When we think of Mexican food, we automatically imagine certain flavors and ingredients (chiles, beans, tomatoes, mild cheese, tortillas made with corn or flour) and certain basic forms (tacos, enchiladas, tamales, salsas, and so on). Whether our frame of reference is Rick Bayless or Taco Bell, the Yucatán or Amarillo, we generally know more or less what to expect. But sometimes what is actually put on the table in front of us in Mexico itself confounds our expectations, a fact that is perhaps nowhere demonstrated more vividly, or closer to home, than by the “Baja Med” cooking of northern Baja California—food based on the excellent raw materials of the region but owing more to the culinary traditions of Italy, Spain, Provence, and sometimes the eastern Mediterranean than to the cocina mexicana of our imaginations.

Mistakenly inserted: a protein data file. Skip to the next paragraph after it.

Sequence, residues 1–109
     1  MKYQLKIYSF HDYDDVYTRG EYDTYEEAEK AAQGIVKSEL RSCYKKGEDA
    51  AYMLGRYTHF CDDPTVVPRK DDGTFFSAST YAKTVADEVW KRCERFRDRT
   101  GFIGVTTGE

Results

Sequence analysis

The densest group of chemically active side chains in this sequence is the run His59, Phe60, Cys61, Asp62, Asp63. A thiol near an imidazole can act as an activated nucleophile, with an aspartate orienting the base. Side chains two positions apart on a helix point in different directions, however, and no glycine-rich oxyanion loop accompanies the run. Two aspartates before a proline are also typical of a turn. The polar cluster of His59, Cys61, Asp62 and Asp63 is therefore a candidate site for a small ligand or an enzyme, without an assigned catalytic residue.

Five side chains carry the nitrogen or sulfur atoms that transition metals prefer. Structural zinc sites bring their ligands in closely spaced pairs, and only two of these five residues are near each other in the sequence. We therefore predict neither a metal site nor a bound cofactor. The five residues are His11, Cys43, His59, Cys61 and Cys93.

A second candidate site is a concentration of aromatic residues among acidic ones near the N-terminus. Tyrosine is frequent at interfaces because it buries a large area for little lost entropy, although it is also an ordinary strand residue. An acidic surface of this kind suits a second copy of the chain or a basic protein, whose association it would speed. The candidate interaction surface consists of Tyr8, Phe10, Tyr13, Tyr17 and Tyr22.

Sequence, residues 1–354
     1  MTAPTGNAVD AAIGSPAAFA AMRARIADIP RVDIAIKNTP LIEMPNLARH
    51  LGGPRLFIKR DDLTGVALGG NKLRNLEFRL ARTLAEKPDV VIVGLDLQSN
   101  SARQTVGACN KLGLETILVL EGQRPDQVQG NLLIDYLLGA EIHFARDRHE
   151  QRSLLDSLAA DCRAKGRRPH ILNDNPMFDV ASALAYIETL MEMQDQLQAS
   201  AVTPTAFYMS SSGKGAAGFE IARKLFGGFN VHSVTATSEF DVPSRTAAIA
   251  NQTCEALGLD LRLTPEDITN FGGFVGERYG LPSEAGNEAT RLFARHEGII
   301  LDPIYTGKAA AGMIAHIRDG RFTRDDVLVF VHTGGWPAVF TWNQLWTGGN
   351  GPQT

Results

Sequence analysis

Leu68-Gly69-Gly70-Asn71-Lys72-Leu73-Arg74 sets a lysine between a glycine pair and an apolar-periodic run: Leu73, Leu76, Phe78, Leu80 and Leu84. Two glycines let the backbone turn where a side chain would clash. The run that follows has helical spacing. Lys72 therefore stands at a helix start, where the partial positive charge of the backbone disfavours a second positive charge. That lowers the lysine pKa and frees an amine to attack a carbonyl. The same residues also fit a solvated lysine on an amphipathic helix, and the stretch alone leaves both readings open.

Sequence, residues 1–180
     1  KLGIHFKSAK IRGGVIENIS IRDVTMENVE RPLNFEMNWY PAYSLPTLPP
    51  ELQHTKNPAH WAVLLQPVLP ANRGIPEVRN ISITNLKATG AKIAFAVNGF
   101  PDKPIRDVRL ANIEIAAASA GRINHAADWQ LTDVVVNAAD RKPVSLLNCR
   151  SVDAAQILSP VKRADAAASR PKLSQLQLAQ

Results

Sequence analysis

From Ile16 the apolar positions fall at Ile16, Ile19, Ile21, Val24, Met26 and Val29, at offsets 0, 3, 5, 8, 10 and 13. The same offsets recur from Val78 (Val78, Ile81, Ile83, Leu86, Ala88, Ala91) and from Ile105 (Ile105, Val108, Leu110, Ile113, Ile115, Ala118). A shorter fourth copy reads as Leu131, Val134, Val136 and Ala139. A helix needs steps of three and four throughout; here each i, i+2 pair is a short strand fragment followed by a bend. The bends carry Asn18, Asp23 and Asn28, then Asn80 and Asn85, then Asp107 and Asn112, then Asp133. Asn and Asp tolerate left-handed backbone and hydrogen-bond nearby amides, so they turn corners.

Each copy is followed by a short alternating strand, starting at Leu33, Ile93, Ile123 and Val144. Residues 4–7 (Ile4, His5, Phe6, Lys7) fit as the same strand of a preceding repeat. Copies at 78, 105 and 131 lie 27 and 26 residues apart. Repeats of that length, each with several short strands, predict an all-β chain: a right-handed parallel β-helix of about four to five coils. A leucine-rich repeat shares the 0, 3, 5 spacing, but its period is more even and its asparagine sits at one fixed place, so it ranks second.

I first encountered Baja Mediterranean cooking a few years ago at Laja, Jair Téllez’s culinary oasis in the Valle de Guadalupe, just north of Ensenada in the heart of the Baja California wine country. The delicious food was based on vegetables and herbs just out of the garden, wonderful fish from the nearby Pacific, and locally raised lamb—but it was accented with things like porcini oil, homemade pancetta, baby arugula, and preserved lemon (as opposed to, say, huitlacoche oil, homemade chorizo, baby epazote, and pickled jalapeños). At first this discomfited me. But then it dawned on me that Baja California was as “Mediterranean” in climate, agricultural production, and cultural heritage as what the Spanish used to call Alta California—the part north of the Mexican border. And if restaurants in Santa Monica and Berkeley (and beyond) can draw inspiration from the Mediterranean, why shouldn’t those in this most agreeable corner of Mexico do the same?